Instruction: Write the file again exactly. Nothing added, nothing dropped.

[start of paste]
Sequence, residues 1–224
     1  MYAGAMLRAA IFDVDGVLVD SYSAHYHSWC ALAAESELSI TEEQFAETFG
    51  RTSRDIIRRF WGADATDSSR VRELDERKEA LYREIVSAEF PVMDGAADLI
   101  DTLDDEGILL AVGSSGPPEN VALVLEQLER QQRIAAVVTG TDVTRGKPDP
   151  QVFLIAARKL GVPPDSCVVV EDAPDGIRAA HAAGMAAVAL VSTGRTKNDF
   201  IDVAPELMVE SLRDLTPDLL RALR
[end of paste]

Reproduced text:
Sequence, residues 1–224
     1  MYAGAMLRAA IFDVDGVLVD SYSAHYHSWC ALAAESELSI TEEQFAETFG
    51  RTSRDIIRRF WGADATDSSR VRELDERKEA LYREIVSAEF PVMDGAADLI
   101  DTLDDEGILL AVGSSGPPEN VALVLEQLER QQRIAAVVTG TDVTRGKPDP
   151  QVFLIAARKL GVPPDSCVVV EDAPDGIRAA HAAGMAAVAL VSTGRTKNDF
   201  IDVAPELMVE SLRDLTPDLL RALR